Parylene Coating Blog by Diamond-MT

Silicone vs. Urethane Conformal Coating

Posted by Sean Horn on Fri, Oct 12, 2012 @ 11:07 AM

Silicone and urethane are two of the most popular conformal coating types.  They are widely used for a variety of their properties, but which is a better coating?  While this ultimately depends on your application, let’s take a look at some of the pros and cons of each.

Silicone Conformal Coating

Benefits

Most typical silicone coatings have continuous operating temperature ratings of 200ºC.  This is far higher than most urethanes (125ºC).  Some silicone coatings are rated as high as 600ºC for ultra-high temperature applications.  We have seen a great deal of use for silicones in the automotive industry, where temperatures can get upwards of 175ºC in the engine compartment.

An additional benefit of silicone conformal coating is its excellent moisture protection.  Silicones have been used in cases where there were extreme temperature differences, which resulted in excessive moisture.  Other conformal coatings failed within hours or days, while silicone, especially when applied thickly, has been proven to succeed.  One particular application was for electronically controlled heaters developed for artic temperatures.  The heaters would warm to almost 150°F, then cool to ambient temperature, sometimes as cool as -40°F.  This wide temperature swing would happen very quickly, resulting in a high moisture environment.  Other coatings, such as urethanes, resulted in board failures but silicones ended up being the only proven alternative.   

Silicone conformal coatings are also among the easiest to apply and re-work.  Silicone coatings are typically low on solvents, ensuring a smooth coat that cures very quickly (about one hour at room temperature).  Silicones are quite flexible and soft, having a relatively weak resistance to solvents.  For assemblies that will require work after coating, this is critical because it will keep labor time down without compromising the integrity of the coating.

When not to usesilicone conformal coating1

Silicone conformal coatings are required to be applied thicker than other conformal coatings.  The target thickness is between 0.00197” to 0.00827”.  It would be wise to seek other coating options if your application has tight clearance tolerances or if the solder joints cannot support the stresses placed upon it by the thicker layer of coating.

Types of Silicone Conformal Coating

  • Humiseal 1C49
  • HumiSeal 1C49LV
  • HumiSeal 1C51
  • HumiSeal 1C55
  • Dow Corning 1-2577
  • Dow Corning 3-1753
  • Dow Corning 3-1765
  • Dow Corning 3-1744
  • Dow Corning 3-1953
  • Dow Corning 3-1965
  • Dow Corning 3-1944
  • MG Chemicals 422B
  • Peters DSL 1705 FLZ
  • Peters DSL 1706 FLZ
  • Electrolube SCC3
  • Electrolube SCC4

Urethane Conformal Coating

Benefits

Type UR conformal coatings are very resistant to chemical solvents.  They are second only to parylene conformal coating in their resistance.  Applications that require any prolonged exposure to harsh chemical solvents should consider urethane resins.

Long term NASA studies have shown that urethane conformal coatings are one of the few ways to successfully mitigate tin whisker growth.  Since there is no known way to completely eliminate tin whisker growth, you have to select a proper tin whisker mitigation strategy.  Urethane conformal coatings are a great place to start.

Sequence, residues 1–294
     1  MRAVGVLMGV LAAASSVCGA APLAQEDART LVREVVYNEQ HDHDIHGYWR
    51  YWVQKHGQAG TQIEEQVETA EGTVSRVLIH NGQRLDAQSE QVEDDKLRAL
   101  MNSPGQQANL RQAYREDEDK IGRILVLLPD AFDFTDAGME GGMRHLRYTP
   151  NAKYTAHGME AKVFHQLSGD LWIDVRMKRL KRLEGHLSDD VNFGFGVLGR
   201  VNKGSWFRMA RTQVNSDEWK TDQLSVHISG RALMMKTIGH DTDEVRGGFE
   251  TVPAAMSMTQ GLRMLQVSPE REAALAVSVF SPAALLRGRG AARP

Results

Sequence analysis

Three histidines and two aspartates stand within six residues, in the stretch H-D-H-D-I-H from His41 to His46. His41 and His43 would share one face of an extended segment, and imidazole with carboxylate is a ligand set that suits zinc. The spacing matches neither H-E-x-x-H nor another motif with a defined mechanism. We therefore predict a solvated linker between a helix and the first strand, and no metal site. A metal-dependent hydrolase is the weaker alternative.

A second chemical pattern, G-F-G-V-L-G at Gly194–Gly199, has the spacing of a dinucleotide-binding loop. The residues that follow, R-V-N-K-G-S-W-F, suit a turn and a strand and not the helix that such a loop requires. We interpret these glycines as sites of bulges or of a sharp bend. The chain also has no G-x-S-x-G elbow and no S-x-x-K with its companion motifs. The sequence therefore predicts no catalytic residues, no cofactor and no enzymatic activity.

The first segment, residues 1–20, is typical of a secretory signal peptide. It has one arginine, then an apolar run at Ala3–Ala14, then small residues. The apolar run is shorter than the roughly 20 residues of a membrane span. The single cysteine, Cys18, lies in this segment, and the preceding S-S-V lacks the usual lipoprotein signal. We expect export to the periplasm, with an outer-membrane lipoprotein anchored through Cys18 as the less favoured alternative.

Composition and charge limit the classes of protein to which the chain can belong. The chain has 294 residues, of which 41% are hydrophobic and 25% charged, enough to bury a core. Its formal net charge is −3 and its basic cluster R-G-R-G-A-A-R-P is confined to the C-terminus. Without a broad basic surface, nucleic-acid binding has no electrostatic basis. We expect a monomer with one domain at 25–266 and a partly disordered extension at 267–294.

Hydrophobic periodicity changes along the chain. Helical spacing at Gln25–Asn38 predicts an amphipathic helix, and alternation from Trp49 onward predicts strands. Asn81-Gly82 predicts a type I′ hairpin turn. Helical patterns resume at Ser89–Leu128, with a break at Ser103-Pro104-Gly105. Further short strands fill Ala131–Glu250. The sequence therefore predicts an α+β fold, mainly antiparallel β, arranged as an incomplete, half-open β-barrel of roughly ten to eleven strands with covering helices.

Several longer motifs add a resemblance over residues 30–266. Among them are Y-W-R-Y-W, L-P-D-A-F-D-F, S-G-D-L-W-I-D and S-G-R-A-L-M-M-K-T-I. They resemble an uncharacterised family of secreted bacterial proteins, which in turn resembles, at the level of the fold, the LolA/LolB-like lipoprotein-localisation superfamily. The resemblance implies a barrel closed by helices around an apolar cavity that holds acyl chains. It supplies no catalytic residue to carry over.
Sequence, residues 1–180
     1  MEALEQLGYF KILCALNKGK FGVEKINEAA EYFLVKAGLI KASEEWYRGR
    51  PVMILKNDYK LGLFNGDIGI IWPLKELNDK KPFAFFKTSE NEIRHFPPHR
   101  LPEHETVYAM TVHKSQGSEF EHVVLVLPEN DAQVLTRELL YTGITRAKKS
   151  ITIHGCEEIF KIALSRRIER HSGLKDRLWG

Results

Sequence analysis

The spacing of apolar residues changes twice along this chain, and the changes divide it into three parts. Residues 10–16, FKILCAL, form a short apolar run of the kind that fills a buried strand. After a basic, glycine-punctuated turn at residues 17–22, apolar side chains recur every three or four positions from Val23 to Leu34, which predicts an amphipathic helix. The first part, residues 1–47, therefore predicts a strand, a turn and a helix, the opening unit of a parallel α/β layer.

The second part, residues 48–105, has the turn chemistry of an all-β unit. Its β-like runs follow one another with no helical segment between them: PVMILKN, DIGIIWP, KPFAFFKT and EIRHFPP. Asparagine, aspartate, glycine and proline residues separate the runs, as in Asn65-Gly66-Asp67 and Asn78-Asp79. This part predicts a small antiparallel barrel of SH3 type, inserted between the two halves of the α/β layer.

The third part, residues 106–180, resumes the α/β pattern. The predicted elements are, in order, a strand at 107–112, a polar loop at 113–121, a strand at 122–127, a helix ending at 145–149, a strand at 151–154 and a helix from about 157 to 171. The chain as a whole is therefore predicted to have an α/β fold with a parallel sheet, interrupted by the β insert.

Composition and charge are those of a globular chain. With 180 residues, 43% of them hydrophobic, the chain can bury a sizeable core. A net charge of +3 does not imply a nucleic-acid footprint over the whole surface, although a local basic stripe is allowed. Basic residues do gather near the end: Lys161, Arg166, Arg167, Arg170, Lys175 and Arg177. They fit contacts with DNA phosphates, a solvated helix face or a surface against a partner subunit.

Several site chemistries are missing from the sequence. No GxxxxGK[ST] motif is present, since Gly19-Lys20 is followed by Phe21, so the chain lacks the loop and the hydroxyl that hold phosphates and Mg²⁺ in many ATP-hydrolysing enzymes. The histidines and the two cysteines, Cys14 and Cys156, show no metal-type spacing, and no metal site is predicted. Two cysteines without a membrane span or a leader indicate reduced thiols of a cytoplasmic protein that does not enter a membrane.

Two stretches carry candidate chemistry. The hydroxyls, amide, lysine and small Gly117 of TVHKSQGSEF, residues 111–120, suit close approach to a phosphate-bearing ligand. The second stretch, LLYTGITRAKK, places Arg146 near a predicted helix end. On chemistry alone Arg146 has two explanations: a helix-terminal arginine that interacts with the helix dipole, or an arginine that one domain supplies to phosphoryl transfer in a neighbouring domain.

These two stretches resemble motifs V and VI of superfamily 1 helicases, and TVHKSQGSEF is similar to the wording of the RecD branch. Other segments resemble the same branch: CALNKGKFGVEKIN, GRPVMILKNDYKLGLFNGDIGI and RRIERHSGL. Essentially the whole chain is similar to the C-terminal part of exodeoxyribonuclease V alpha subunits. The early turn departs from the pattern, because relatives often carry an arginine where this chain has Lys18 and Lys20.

For applications that can see any direct mechanical wear against the coating should consider urethane conformal coatings.  Urethane resins are very hard and resistant to mechanical wear.  Their hardness is second only to epoxy conformal coating, but urethanes are much easier to be reworked than an epoxy.

When not to use

For products going into a high vibration environment, urethane conformal coatings are not a good choice.  Because of the mechanical strength and resistance to abrasion characteristics that urethanes typically exhibit, a high vibration environment could ultimately end up weakening the integrity of this rigid coating.  A better choice for a high vibration environment would be to go with a completely conforming, flexible coating, such as parylene conformal coating.

If an application is going to a high heat environment, urethanes will not provide the protection that is required.  Leading urethanes, such as HumiSeal 1A33, offer protection to 125ºC.  Silicone conformal coatings, on the other hand, offer protection of 200ºC or higher.  This is typical with conformal coatings, as silicones typically offer the best protection, temperature wise.

Types of Urethane Conformal Coating

  • HumiSeal 1A33
  • HumiSeal 1A20
  • Humiseal 1A27
  • Humiseal 2A64
  • HumiSeal 1A34
  • Hysol PC18M
  • CONATHANE CE-1155-35
  • CONAP CE-1170
  • CONATHANE CE-1164
  • Techspray Fine-L-Kote
  • MG Chemicals 4223
  • Electrolube PUC

Conclusion

There are many benefits to using either a silicone or urethane conformal coating.  Certainly either coating is better than none, but the trick is to align your products potential issues with the strengths of the conformal coating that can best protect it.  If there is some doubt to which coating is best, it may be worth it to have an outside party provide consultation services for your application.

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Tags: conformal coating, tin whisker mitigation, Humiseal 1A33, urethane conformal coating, silicone conformal coating, type ur conformal coating, type sr conformal coating, conformal coating consultation